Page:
Q: If I get married, will it affect my benefits?

A: If you get Social Security disability or retirement benefits and you marry, your benefit will stay the same. Here’s how marriage may affect other benefits:

Supplemental Security Income (SSI)

• If you marry, your spouse’s income and resources may change your SSI benefit; or

• If you and your spouse both get SSI, your benefit amount will change from an individual rate to a couple’s rate.

Benefits for a widow, divorced widow, widower or divorced widower

• You cannot get benefits if you remarry before age 60; and

• You cannot get benefits if you are disabled and remarry before age 50.

Divorced spouse’s benefits

Generally, your benefits end if you remarry.

Benefits for a child under age 18 or student ages 18 or 19

Benefits end if you marry.

For more information, call us at 1-800-772-1213 (TTY 1-800-325-0778), 8:00 am – 7:00 pm, Monday through Friday; or contact your local Social Security office (


Q: Can I get Social Security retirement benefits and military retirement benefits?

A: You can get both Social Security retirement benefits and military retirement. Generally, we do not reduce your Social Security benefits because of your military benefits.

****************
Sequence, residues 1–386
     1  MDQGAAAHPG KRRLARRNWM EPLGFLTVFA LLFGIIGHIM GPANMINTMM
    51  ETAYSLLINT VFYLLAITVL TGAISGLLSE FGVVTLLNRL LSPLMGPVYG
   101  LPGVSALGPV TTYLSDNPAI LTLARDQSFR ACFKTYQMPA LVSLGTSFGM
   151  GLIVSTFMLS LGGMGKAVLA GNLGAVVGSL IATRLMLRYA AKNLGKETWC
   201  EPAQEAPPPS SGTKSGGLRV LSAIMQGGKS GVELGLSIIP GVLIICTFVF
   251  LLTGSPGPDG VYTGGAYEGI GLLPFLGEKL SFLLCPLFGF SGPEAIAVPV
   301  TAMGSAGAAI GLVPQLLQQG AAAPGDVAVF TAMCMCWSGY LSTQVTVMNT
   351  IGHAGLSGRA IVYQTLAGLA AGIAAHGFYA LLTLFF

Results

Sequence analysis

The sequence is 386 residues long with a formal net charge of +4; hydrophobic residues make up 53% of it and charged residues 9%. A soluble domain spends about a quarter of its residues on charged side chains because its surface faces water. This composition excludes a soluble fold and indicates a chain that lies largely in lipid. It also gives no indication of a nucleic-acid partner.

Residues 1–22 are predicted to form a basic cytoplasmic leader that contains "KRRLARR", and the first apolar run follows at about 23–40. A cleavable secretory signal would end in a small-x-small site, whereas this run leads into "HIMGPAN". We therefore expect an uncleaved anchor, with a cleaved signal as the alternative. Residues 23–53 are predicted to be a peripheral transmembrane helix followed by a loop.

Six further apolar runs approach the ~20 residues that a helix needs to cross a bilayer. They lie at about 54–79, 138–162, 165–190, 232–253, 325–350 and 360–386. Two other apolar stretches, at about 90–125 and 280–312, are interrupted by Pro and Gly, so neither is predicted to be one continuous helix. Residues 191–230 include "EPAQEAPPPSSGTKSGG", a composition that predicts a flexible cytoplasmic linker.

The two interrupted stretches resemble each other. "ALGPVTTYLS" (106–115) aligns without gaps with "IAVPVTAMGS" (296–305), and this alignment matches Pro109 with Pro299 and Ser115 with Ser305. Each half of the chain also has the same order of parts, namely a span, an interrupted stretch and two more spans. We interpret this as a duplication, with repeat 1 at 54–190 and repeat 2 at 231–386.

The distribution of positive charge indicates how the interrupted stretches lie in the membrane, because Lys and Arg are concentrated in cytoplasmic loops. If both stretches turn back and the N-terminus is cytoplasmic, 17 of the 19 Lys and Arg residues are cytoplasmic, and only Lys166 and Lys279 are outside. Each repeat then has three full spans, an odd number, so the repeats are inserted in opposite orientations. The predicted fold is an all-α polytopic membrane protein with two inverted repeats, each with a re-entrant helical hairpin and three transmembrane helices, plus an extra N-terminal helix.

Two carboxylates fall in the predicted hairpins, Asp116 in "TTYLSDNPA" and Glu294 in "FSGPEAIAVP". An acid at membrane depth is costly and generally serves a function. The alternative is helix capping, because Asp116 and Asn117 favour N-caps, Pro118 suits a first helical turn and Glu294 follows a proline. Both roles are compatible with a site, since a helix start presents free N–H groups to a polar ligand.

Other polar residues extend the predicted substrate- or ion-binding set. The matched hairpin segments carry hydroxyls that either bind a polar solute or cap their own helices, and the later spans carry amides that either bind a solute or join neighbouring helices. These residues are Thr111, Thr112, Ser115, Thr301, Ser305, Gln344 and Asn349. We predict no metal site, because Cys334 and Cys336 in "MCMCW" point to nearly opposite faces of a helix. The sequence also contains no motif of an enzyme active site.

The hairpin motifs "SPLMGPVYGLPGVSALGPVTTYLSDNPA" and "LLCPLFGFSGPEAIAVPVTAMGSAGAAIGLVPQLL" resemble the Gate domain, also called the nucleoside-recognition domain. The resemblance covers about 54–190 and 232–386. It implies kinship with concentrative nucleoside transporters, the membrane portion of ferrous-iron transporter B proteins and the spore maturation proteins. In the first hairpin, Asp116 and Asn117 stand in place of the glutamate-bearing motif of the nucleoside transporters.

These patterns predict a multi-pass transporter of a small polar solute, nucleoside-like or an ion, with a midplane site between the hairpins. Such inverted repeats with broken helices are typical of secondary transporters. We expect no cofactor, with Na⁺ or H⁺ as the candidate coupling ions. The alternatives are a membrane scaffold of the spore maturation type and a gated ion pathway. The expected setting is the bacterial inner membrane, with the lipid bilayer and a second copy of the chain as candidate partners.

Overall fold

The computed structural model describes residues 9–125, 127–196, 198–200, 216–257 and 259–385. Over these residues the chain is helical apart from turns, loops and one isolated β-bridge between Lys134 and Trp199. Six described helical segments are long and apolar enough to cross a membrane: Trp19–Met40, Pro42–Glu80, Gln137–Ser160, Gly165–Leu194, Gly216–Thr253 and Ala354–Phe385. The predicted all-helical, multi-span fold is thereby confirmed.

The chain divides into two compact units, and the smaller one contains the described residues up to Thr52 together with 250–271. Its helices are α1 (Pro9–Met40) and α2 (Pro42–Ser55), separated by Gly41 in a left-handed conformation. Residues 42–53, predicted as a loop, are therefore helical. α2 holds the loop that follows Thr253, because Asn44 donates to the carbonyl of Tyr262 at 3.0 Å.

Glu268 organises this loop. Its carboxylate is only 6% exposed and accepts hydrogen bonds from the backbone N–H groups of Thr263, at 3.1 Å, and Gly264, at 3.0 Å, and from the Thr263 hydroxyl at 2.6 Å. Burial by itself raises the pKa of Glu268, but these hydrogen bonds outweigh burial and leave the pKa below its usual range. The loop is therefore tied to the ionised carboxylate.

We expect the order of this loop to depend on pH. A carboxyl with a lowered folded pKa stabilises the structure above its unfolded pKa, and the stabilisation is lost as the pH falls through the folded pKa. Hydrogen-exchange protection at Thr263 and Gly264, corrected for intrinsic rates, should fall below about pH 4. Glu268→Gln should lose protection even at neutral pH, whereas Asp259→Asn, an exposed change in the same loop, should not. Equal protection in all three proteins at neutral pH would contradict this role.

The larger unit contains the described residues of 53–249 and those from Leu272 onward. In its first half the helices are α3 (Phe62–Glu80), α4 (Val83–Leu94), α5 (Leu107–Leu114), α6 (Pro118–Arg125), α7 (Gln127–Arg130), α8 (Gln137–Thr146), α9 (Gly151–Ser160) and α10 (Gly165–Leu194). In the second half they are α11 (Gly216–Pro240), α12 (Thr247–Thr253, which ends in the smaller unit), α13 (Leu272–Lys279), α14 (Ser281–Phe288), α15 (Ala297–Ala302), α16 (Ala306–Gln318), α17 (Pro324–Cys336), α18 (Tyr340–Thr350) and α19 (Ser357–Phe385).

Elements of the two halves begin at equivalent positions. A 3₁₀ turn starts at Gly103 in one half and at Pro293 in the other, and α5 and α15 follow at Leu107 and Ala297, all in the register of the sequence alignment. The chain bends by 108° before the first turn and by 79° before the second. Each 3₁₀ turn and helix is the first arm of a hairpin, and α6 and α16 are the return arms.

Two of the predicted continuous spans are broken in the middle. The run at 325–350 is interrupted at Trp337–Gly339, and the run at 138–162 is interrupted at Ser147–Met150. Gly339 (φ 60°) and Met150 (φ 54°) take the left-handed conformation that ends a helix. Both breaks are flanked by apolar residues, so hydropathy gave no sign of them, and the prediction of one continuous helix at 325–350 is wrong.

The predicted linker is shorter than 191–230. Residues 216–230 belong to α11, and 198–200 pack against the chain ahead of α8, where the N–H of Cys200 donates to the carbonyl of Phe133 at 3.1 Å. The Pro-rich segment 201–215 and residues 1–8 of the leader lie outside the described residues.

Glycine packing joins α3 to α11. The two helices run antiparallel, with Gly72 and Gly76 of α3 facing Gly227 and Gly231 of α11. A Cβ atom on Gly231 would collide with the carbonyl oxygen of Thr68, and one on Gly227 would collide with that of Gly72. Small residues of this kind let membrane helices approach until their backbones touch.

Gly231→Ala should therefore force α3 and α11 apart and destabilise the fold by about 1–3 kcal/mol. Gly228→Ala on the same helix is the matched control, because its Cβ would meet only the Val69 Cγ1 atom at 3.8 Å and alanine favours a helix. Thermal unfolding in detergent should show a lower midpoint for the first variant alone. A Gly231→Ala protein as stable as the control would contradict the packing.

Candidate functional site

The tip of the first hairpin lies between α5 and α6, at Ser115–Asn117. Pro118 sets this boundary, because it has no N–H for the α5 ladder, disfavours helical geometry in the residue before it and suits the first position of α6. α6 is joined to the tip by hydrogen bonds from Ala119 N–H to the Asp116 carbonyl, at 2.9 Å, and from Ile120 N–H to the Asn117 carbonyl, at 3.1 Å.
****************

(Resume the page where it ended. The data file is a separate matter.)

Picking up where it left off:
When you’re ready to apply for retirement benefits, use our online retirement application, the online retirement application at, quickest, easiest, and most convenient way to apply. See Military Service And Social Security at for more information.


Q: What is substantial gainful activity?

A: The term “substantial gainful activity” (SGA- is used to describe a level of work activity and earnings. Work is “substantial” if it involves doing significant physical or mental activities or a combination of both.

“Gainful” work activity is:

• Work performed for pay or profit; or

• Work of a nature generally performed for pay or profit; or

• Work intended for profit, whether or not a profit is realized.

We use SGA as one of the factors to decide if you are eligible for disability benefits. If you earn more than a certain amount and are doing productive work, we generally consider that you are engaging in substantial gainful activity. For more information on SGA, see The Red Book at


Q: Should I sign up for Medicare Part B if I have Veterans’ Benefits?

A: Signing up for Medicare Part B may provide you with additional service and location options. If you don’t sign up for Part B when you are first eligible:

• You may have to wait to sign up, which will delay your coverage, and;

• you may also have to pay a late enrollment penalty for as long as you have Medicare Part B. Visit for more information.

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